Europeans would consume portions of Egyptian corpses for help with general pain, ulcers, inflammation, epilepsy, cough, difficult labor, etc. – none of which worked, or if they worked it wasn’t the mummy that was the active ingredient. The practice was so common Shakespeare included mummy as an ingredient in the witches’ potion in Macbeth. Demand was so high that by the 17th century some mummy dealers were producing counterfeit mummies. Newly deceased people, animals, or prisoners who had been purposefully starved & executed, were put through a process to simulate ancient Egyptian mummies.

After a few hundred years of medicinal cannibalism Europeans began to express doubt as to the practice’s efficacy (and ethicality). The 16th century herbalist Leonhard Fuchs felt foreign mummies were acceptable but local ones were wrong. While doubts arose during the Renaissance in the 16th century it took until the 18th century age of Enlightenment for the practice to fall out of fashion. As consuming mummies slowly ended Egyptian mummies took on a new role: paint pigment.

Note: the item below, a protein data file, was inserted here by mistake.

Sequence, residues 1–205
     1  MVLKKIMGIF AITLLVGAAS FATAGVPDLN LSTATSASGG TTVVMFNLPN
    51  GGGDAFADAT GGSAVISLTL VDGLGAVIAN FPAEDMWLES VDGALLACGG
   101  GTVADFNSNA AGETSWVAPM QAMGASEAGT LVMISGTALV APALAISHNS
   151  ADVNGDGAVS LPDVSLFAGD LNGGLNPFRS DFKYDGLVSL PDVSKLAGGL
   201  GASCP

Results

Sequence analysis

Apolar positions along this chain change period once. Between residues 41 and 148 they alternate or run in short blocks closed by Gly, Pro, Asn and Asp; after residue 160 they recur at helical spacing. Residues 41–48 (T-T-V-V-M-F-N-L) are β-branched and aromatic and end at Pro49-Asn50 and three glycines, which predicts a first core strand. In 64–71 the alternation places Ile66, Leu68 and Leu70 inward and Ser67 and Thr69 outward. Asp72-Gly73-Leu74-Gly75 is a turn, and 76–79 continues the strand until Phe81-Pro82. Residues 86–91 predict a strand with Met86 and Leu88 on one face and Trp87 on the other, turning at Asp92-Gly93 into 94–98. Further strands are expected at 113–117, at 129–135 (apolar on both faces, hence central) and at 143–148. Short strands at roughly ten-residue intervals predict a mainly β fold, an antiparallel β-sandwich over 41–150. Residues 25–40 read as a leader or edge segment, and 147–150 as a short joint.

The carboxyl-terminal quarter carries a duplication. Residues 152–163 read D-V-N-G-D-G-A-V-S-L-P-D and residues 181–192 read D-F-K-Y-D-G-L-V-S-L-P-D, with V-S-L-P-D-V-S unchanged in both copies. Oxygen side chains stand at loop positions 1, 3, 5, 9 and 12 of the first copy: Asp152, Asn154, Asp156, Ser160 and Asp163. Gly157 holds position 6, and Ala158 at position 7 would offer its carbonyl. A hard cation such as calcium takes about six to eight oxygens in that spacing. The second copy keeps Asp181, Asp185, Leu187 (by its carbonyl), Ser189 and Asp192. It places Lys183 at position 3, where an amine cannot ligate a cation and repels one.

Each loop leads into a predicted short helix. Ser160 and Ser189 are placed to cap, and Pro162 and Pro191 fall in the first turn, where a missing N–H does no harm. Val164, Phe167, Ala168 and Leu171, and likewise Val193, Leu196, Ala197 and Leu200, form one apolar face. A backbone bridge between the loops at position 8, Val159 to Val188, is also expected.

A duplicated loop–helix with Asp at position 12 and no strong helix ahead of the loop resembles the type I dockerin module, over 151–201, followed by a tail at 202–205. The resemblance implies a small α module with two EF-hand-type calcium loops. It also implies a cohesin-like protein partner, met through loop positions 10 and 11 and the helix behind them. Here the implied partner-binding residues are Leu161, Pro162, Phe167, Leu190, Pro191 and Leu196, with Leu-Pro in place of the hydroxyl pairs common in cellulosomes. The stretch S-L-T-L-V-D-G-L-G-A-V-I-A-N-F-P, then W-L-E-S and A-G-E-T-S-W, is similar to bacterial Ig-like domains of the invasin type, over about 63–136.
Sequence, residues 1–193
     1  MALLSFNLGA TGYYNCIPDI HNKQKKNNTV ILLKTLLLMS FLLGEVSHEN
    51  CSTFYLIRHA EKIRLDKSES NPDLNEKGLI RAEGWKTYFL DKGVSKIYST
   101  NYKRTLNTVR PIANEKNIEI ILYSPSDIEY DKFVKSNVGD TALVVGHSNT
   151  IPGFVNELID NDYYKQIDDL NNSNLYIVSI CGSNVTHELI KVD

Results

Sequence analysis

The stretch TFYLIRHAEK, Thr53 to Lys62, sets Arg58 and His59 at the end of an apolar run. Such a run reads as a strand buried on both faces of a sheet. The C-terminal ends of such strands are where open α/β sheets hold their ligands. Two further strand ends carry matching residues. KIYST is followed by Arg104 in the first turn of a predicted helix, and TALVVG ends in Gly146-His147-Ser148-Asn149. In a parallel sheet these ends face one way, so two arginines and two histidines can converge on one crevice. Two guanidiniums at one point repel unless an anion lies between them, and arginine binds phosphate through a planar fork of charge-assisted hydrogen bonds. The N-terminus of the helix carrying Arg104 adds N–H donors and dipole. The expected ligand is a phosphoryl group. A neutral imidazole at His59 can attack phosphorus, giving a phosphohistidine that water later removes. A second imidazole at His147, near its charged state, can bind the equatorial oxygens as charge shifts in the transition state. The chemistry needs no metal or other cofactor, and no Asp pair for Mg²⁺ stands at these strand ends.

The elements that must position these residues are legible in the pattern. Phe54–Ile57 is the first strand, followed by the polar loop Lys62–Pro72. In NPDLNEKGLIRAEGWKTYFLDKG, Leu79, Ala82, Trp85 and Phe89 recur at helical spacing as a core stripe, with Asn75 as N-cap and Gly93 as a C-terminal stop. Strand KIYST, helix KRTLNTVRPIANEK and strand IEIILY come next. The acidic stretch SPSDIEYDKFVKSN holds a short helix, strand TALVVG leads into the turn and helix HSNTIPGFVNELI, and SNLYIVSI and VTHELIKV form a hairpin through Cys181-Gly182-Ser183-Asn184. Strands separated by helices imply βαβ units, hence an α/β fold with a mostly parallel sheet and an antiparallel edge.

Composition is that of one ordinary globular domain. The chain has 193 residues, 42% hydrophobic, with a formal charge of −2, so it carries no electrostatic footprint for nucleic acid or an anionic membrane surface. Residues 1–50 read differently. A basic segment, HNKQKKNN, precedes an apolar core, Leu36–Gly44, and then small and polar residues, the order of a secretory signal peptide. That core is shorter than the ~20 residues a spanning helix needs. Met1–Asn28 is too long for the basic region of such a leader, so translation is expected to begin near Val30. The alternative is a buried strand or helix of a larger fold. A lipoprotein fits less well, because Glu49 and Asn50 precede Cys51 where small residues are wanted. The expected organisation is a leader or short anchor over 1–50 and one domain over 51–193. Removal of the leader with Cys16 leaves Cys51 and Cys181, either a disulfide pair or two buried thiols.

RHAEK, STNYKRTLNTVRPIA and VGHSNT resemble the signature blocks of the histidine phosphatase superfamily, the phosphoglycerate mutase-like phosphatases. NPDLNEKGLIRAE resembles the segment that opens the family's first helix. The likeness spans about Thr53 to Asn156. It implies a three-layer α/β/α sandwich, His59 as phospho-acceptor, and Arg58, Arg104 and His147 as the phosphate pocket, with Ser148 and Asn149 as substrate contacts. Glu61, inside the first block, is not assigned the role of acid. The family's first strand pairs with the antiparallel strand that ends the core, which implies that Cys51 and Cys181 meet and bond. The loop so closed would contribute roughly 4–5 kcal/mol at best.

The Egyptian Widow by Lourens Alma Tadema is an 1872 painting of Egyptian life potentially painted using mummy brown paint.
Liberty Leading the People by Eugène Delacroix is another painting that’s theorized to contain mummy brown.

Mummy Brown

Around the end of the 16th century artists began using ground up Egyptian mummies (mixed with other materials) to produce mummy brown, a shade of brown pigment. Apothecaries that were grinding up mummies for medicine began to grind them up for paint as well. As a paint it was good for shadows, flesh tones, and glazing. Artists Benjamin West, Martin Drolling, Lawrence Alma-Tadema, Edward Burne-Jones, Eugène Delacroix, and others all painted with mummy brown.

It wasn’t until the 19th century that mummy brown began to fall out of favor. That said as recently as 1926 C Roberson & Co. still sold mummy brown made with ground up Egyptian corpses. As mummy brown died out so too did hundreds of years of large-scale desecration of deceased Egyptians, using human beings for medicines and paints.